Other reasons addressing needs also obtain. An alarming, yet, significant reason is the sensitive issue of abuse in nursing homes. A quick search revealed abuse continued, even increased, in U.S. nursing homes (Nursing Home Abuse 2019). Among the salient points made in this 2019 report were, summarily: annually, as many as 5,000,000 elders were abused; at least one instance of actual physical abuse was experienced by 24.3% of residents in nursing homes; only 1 in 14 elder abuse incidents were formally reported; figures were estimated as low, since many abuse victims were unable or unwilling to report their abuse; and lastly, data from Adult Protective Services (APS) noted increasing numbers of abuse reported in recent years. Indeed, these statistics are troubling, if not alarming. The latter issue was more concerning: increasing but unreported abuse. Thus, we do not actually know the current prevalence of abuse in nursing homes. It puts new meaning into the term vulnerable persons. However, LTEM may allow employees means to address work concerns on behalf of themselves or their residents. For instance, studies found discrimination—a consideration in abuse—was significant (13%) among long-term employees (Lee et al. 2016; Xue 2015).

Another development reason is located in external factors. Summarily, they included more guidelines from external agencies; obligation to patient rights and protection of patients; federal and state privacy laws, including HIPAA regulations, a sign of professionalism (HCA 2019). Accreditation is available to aid in maintaining standards and policies, many of which pertain to and support patient care. Rather, media reported facilities not adhering to standards (Hamill 2020). These external factors pertain to ethics. They support employees. Thus involvement offered by LTEM including ethics analysis, aids in enhancing the overall workplace environment, moving it toward an ethics environment where policies are consistent.

Indeed, another signal reason to address LTEM is the influence of the Covid-19 pandemic. Media investigations shined a stark light on several seminal issues in long-term care (Hamill 2020). Among those most affected by this health care crisis, for instance, were those most vulnerable: elder residents of long-term facilities. Deaths among this vulnerable population were significantly and disproportional higher than in the general population: 55% in Washington State and 42% in Brighton Nursing Home, to cite several (Washington 2020; Hamill 2020). Clearly, this pandemic brings into sharper focus negative influences of the crisis. If, however, ethics mechanisms were operational it may have afforded staff ways to raise the worrying issues they observed, and, noted below, reported in the media as the pandemic emerged (Hamill 2020).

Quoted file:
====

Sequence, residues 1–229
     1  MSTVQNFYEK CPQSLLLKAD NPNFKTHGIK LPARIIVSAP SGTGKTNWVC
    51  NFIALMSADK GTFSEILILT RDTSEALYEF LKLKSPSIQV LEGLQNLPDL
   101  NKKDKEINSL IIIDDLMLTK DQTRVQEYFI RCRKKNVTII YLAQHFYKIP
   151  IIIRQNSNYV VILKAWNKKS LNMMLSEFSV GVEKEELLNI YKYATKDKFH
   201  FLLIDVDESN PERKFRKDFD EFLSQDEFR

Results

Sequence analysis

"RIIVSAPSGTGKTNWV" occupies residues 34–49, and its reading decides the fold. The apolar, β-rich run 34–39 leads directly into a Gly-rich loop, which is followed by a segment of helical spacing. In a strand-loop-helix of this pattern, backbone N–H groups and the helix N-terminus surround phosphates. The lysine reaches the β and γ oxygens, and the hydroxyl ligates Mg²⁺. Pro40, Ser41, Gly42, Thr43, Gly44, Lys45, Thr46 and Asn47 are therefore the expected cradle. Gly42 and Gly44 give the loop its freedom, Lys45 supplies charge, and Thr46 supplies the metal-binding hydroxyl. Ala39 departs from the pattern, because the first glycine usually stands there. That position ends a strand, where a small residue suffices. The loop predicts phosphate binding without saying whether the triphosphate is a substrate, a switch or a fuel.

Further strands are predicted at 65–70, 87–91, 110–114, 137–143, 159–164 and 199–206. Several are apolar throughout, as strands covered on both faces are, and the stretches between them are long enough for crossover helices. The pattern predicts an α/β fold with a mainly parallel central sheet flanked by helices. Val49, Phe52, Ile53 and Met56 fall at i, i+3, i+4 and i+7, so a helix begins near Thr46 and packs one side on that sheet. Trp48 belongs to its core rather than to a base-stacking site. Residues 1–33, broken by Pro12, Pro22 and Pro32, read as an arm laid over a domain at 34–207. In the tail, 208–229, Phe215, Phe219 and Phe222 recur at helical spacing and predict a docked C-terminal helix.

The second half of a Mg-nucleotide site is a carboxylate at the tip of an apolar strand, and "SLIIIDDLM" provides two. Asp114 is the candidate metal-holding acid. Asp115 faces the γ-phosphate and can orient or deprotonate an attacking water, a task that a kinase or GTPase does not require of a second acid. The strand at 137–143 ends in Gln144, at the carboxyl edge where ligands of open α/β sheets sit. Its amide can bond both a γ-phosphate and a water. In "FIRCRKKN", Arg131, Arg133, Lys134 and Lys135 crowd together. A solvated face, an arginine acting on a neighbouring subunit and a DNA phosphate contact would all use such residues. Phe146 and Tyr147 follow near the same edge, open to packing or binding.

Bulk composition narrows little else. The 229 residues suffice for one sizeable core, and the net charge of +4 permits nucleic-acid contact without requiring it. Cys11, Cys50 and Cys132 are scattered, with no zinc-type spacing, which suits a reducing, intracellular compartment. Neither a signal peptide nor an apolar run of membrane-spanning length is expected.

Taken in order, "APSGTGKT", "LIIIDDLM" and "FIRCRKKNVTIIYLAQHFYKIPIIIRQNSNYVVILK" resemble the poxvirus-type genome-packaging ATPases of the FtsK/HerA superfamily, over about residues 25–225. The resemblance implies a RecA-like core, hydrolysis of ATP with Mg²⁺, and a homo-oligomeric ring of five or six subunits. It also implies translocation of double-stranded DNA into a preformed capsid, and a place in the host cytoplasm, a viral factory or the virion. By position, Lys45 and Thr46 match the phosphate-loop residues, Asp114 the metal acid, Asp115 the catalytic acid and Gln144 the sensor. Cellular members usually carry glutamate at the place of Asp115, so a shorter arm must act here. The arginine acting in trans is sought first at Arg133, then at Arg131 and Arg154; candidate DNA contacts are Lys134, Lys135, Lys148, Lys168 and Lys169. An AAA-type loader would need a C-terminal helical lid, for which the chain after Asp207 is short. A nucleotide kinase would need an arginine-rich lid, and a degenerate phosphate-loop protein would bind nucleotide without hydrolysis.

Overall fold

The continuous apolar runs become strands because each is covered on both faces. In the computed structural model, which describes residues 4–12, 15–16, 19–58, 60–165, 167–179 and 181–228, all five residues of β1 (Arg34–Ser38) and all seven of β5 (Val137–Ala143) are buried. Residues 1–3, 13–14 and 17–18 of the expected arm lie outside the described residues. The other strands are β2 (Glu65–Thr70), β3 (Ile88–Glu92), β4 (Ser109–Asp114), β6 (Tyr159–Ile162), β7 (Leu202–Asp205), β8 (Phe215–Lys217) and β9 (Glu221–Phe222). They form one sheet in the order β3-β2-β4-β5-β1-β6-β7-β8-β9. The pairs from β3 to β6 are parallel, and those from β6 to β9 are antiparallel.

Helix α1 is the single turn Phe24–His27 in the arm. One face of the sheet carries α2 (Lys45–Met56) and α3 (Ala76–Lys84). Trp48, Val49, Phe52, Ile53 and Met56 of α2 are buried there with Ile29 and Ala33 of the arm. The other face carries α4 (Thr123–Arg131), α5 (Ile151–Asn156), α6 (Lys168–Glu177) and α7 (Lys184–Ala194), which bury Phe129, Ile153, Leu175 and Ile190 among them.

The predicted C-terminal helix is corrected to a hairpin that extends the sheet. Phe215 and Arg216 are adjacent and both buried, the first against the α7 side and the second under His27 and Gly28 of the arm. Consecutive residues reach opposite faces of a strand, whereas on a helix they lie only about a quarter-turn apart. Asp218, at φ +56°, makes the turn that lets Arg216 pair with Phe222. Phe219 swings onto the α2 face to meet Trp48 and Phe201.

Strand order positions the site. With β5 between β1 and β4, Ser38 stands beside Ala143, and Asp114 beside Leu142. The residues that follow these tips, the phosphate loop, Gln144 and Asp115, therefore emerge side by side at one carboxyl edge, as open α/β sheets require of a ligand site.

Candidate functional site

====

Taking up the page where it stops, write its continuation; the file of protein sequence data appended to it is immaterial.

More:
Also and concerning, reports addressing the pandemic confirmed racial-ethnic and job disparities prevailed (Hamill 2020). They highlighted the hypothesized concerns, corroborating study results: racial-ethnic and job disparities prevail in long-term care. The majority of the staff, for instance, providing direct care—those on front lines—disproportionally represented persons of color. This highlights the continuing challenge for allocation of one scarce resource: trained, quality staff. The concern is exacerbated when reports also noted the lack of PPE, for example, thereby, disproportionally exposing minority staff. Clearly to be avoided are plans where front line workers are discriminated by assignment or risk level. Averting such perceptions is tantamount to enhancing the team work, morale, and overall efficacy of the health workforce.

In contrast, news reports regarding the pandemic detailed “missteps” illustrated in staff reduction, cuts in RNs, and shifts from full to part-time and agency personnel (Hamill 2020). Lack of training and staff monitoring, delayed response, and nonadherence to staff-resident ratios were noted. Communication—including inter-professional communication—lapses were notable. Ignoring state-national standards for room assignments leading to overcrowding was a signal issue. Such actions undermine quality care and exacerbate staff concerns. They are reminiscent of earlier cited issues. However, with LTEM staff may have means to address their quality care—and safety—concerns. Thus, the pandemic also highlights need for LTEM.